Have you ever had one of those moments that you dread? You know the type I mean. You know you have to have this moment, but you really, really, really don’t want to go there. But, you know you should. It’s the type of moment that many in the LGBTQ community know well. Well, I’m about to have one of those moments.

Three years ago, when we took custody of Cassandra, we questioned what might happen if something happened to us. Who would get custody of Cassandra? What would prevent her from going into foster care? And, the worst thing was that no one knew.

So, we thought about adopting her. We didn’t want to talk about it with my cousin, Cassandra’s mom, right away. We wanted to give her some time to adjust to not having custody. We wanted to approach it with kindness and compassion. We always knew we wanted to do it before her fifth birthday, but when?

Cassandra’s father stopped all communication with us after the baby’s first birthday. He threw a huge tantrum that day. Cassandra’s mother blocked me on Facebook back in July. At this stage, if something happened to the baby, they wouldn’t even know. Legally, this is considered abandonment.

The funny thing is that I’m not even worried about talking to them. In fact, we’re not able to have that conversation, even if we wanted to do so. I’m worried about telling my aunt. I feel like it’s going to cause problems in the family. Will my aunt be angry at me for moving forward without telling my cousin? Will my aunt be angry because we are making this move at all? Will she even be angry? It’s so hard to tell.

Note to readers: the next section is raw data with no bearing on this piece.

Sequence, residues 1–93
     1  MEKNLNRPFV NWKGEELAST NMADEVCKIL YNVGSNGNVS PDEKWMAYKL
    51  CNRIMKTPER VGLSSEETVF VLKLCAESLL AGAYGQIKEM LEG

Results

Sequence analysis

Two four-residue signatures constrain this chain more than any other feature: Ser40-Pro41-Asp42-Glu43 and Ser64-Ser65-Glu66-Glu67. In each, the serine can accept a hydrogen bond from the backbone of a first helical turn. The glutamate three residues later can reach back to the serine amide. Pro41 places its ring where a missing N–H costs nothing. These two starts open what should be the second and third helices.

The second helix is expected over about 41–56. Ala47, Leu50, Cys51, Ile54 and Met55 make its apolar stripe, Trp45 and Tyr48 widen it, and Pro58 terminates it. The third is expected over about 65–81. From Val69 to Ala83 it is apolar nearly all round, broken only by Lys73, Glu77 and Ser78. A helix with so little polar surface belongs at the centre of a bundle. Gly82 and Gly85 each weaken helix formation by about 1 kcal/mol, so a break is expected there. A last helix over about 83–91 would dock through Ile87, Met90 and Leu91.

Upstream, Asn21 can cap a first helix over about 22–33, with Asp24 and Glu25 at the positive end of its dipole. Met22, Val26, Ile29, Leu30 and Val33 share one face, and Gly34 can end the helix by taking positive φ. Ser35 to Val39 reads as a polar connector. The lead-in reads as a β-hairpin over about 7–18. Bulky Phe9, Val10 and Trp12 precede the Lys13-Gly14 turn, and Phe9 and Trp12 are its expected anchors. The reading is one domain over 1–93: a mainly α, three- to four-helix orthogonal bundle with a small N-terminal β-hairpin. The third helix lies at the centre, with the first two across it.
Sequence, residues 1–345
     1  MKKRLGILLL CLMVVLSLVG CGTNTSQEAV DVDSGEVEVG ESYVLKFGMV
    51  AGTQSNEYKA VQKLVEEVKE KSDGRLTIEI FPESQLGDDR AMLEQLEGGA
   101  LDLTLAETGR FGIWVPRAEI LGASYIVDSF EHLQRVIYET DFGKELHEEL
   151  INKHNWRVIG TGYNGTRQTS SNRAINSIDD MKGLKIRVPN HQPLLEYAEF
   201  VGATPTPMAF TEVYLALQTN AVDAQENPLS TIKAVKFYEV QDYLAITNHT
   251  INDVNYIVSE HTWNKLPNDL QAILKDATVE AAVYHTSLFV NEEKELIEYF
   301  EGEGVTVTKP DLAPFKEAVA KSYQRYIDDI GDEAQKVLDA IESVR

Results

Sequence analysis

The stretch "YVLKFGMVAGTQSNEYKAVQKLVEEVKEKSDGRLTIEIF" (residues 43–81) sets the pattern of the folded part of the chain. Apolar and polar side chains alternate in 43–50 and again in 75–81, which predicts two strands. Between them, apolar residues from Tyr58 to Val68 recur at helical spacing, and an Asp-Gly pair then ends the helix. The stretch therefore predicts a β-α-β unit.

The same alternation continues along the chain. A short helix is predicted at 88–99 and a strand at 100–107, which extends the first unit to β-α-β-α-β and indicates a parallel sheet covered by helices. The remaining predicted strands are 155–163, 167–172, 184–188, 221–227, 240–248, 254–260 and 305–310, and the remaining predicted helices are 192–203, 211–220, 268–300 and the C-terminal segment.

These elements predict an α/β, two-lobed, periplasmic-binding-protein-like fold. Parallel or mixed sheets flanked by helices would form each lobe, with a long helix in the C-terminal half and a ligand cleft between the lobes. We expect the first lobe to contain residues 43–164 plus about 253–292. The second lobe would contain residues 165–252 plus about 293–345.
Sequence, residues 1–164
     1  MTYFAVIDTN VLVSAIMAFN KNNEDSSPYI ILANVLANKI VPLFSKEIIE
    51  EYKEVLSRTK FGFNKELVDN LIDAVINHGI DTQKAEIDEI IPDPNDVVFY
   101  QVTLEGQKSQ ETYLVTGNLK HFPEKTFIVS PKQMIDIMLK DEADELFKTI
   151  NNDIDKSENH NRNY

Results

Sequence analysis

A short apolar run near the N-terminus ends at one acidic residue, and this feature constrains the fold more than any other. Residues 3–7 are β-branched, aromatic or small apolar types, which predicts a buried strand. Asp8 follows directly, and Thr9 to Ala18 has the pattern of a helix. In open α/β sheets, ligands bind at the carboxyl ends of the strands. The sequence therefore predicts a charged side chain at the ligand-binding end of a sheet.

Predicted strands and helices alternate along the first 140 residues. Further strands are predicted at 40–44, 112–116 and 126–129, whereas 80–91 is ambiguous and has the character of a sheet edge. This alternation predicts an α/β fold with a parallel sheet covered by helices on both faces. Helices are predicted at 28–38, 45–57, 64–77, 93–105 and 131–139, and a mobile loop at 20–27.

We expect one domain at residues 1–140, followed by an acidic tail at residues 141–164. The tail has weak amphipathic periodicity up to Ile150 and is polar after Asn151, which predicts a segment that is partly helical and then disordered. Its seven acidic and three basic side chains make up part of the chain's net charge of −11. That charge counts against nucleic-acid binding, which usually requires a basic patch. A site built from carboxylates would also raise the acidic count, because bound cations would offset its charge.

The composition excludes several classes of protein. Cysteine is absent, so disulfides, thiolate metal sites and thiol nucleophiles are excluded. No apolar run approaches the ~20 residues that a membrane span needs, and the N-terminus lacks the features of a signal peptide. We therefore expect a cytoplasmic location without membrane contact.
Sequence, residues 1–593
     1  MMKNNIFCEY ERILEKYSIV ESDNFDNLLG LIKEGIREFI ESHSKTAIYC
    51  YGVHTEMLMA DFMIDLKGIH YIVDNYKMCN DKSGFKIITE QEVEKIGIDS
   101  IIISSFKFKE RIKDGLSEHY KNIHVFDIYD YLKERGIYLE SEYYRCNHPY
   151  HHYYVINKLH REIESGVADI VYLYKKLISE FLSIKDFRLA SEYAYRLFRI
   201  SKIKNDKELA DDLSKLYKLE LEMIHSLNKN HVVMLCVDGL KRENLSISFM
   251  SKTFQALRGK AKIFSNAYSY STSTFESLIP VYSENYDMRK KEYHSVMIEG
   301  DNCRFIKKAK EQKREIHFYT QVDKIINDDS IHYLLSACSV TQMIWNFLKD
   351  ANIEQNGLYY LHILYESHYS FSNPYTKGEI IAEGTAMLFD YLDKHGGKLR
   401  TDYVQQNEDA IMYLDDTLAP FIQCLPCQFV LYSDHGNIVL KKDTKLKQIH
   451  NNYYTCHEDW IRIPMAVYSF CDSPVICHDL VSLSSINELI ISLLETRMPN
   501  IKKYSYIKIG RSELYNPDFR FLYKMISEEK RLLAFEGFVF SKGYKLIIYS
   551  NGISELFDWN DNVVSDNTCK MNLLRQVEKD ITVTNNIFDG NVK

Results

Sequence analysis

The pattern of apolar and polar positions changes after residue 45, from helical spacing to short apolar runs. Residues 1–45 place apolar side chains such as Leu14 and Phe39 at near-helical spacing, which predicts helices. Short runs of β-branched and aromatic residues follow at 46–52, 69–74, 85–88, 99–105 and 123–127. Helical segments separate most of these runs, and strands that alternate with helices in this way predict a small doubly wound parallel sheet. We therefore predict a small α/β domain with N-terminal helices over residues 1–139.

These kinds of conversations are always scary. Any time you are facing a conversation that might not end up well, the anxiety can get overwhelming. But, you know what, the worst thing you can do in a relationship is fail to communicate.

It doesn’t matter if it’s a family member, neighbor, colleague, friend, or love interest. Communication is key. So, I’m going to make that call and face it straight on. I’m going to be honest with my aunt and tell her exactly why we made this decision at this time. I’m going to share our fears for Cassandra’s future and our desire to give her the permanency she deserves. And, maybe she’ll hear what I have to say and maybe she won’t, but at least I will have shared my point of view.

But, the best news is that we are going to make little Cassandra officially a member of our family. She doesn’t know anything different at this point, but one day she will understand that we love her so much that we want to make sure her future is safe. We are excited about the path forward for our family.

So, from here on out, we’ll be referring to our little girl as Kassandra. And, as the process moves forward over the next few months, I’ll keep you posted. Fingers crossed that all goes quickly and easily.

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Rev. Kelly Crenshaw
Rev. Kelly Crenshaw
Rev. Kelly Crenshaw is the mom of 16 adopted kids, 2 biological kids, Guardian of one adorable toddler, and has been the foster mom of dozens. Some are lesbian, some gay, some straight, and some bisexual. Kelly founded a K-12 day school where kids could have a safe, bully-free environment for learning. She has worked with kids in the foster care system for over two decades, actively advocating for all kids, but especially those in the LGBT community. And, in her spare time, she can be found preaching in some of our area’s most LGBT-friendly churches. Feel free to send your parenting questions to her at Pastor.Kelly@comcast.net.
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